I had arranged to meet up with Bob, my photographer friend, at around 3.00pm to recreate the scene in a photograph by Peter D. Scott which showed VDV752 parked up in Palk Street, Torquay while on Service 124 in about 1977. According to the Devon General timetable book for that year, the 124 ‘Open Top Special’ ran from Babbacombe to Brixham via Torquay from May 23rd until 4th September. With Bob’s son and grandson aboard also, together with video cameraman Mike Dan, we set off for the harbour. I had previously obtained written dispensation from the parking people at Torbay Council to position the bus in Palk Street, which is now pedestrianised and has strict parking restrictions. Out of courtesy I had also visited the nearby businesses to let them know what was to happen.

There is very little space to manoeuvre a 30ft bus and my arms felt like jelly after heaving on the wheel to reverse the bus into the end of Palk Street. One of the shops had laid out its wares on tables in the street so my young conductor guided me back safely. In the event we were able to park in almost the exact spot that VDV752 was parked in the old photo. Bob duly took more pictures for posterity and Mike got busy with his video camera. Between them they recorded a most significant moment and the results are online for all to see. Take a look at Bob’s pictures here and see one of the videos that Mike has uploaded to YouTube here:

After thanking the nearby shop proprietors and showing the old photo to some folk sitting outside the café, we returned to the show site. Shedden Hill, where the running day was based, joins the sea front road at a very oblique junction which is impossible to negotiate with a large vehicle except from the Paignton direction. Which meant that we had to drive along to the Grand Hotel where there is a roundabout, passing once more a large crowd of people at a bus stop, waiting for free rides on the vintage buses. I could feel numerous pairs of eyes (not to mention quite a few camera lenses) following us as we rumbled by, not stopping. Maybe next year, eh?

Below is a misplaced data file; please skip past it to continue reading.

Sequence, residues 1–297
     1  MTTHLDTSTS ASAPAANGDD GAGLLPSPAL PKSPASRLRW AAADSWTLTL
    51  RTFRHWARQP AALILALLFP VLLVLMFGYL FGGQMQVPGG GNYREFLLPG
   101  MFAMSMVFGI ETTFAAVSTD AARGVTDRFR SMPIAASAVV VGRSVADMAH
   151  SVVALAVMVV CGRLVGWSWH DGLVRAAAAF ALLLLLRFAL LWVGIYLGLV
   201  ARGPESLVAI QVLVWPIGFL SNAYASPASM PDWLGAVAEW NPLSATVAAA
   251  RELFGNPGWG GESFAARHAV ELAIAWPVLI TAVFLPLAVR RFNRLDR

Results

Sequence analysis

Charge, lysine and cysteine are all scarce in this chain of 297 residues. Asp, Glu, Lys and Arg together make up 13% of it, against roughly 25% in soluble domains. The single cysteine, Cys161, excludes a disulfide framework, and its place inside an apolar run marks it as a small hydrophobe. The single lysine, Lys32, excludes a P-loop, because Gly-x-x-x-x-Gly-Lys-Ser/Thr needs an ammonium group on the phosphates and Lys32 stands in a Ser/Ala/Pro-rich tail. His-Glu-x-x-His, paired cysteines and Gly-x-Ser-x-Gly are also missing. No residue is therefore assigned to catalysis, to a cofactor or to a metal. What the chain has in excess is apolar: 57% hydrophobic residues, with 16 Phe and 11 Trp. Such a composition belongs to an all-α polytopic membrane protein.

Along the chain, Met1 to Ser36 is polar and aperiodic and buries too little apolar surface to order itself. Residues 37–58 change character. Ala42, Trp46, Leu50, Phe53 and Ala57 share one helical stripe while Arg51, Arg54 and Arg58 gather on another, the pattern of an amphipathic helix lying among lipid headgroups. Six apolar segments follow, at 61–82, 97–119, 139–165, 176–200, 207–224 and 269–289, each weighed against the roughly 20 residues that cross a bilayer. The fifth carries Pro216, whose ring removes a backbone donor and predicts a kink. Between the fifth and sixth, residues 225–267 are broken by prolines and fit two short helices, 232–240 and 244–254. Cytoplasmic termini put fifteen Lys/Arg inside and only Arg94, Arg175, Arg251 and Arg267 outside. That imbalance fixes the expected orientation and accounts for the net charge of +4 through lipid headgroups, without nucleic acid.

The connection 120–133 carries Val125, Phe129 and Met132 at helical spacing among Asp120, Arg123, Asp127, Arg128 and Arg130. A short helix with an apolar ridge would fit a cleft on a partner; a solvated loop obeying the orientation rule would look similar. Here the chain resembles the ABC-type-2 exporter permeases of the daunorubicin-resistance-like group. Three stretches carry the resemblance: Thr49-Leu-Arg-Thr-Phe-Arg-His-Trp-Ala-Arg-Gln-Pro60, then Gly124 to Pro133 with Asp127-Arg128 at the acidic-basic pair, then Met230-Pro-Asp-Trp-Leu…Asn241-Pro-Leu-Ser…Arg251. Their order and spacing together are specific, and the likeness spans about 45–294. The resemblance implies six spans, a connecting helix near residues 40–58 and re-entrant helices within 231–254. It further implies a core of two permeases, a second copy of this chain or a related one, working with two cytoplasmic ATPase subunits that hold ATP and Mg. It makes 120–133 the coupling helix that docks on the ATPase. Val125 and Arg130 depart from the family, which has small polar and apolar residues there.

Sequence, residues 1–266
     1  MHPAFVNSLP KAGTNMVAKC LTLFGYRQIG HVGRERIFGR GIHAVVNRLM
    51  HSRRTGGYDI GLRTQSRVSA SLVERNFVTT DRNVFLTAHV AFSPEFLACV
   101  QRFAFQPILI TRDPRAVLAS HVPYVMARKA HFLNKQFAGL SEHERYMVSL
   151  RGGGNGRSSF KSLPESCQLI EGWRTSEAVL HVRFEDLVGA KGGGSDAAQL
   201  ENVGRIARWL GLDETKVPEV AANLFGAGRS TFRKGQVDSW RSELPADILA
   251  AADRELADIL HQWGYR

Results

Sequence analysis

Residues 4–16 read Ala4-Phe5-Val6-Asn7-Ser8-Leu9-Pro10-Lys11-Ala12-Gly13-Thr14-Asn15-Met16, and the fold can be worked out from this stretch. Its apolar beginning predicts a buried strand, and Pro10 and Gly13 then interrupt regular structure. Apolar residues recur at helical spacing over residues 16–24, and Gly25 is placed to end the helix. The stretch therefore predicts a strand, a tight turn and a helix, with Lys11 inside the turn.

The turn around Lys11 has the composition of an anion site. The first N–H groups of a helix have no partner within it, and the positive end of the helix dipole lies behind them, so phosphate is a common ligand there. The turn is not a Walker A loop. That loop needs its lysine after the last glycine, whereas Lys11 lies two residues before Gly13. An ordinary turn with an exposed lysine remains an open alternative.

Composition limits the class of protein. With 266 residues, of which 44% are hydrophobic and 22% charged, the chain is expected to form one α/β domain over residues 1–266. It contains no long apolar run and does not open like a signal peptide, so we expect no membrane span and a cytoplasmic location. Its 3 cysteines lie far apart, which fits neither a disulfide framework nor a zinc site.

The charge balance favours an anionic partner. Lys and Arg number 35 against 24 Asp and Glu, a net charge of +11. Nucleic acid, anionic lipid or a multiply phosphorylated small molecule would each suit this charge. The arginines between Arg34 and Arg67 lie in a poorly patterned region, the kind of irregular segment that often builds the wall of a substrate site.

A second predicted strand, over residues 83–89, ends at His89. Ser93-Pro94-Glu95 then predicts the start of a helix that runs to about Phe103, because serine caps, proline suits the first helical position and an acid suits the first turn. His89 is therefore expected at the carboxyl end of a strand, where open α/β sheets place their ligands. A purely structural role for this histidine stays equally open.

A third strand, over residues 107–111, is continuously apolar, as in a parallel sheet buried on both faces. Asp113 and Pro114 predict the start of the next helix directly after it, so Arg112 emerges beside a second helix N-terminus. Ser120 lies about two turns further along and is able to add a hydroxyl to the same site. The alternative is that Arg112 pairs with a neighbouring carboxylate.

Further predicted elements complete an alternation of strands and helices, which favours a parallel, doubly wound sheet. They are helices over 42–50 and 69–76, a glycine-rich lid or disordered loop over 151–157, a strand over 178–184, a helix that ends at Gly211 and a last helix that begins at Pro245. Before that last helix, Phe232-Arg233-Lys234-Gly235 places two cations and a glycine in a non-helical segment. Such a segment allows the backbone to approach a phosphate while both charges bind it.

It wasn’t long before it was time to head back up to Somerset. The journey back was uneventful. My only concern was the descent of Telegraph Hill but I had telephoned a driver colleague the previous week who has been driving buses since I was in short trousers. His advice was to change down to third gear at the top of the hill and use the footbrake sparingly. It turned out to be good advice. Engine braking wasn’t quite enough on its own so I added footbrake from time to time to prevent the engine from overspeeding. Too much braking in a higher gear would have heated up the brake drums too much and I didn’t want to risk having ‘brake fade’ and have to suffer the indignity of needing the escape road!

Arriving at the depot at Bishops Lydeard, I bade farewell to my two guests before parking the bus inside, removing the ‘Torquay’ destination blind (which was just on paper, taped lightly to the existing one) and resetting the numbers to ‘400’ ready for the next Exmoor trip. Weary but extremely satisfied with the day’s events, I turned my attention to the 1 hour drive back to Torbay in my car!

I am very grateful to Bob Brimley for taking an excellent set of photographs and to Mike Dan for his company on the trip and for his comprehensive video coverage. Check out ADMIRALS CORNER’s channel on YouTube for the full series.

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One comment on “Service 124 to Torquay: 33 years on

  1. Graeme says:

    Excellent post John – thoroughly enjoyed reading it. Sounds like your day went like clockwork! Thanks again for coming and not giving in to the early morning rain, it would have been awful to have returned home and then seen how nicely the afternoon turned out. Glad you had a good day.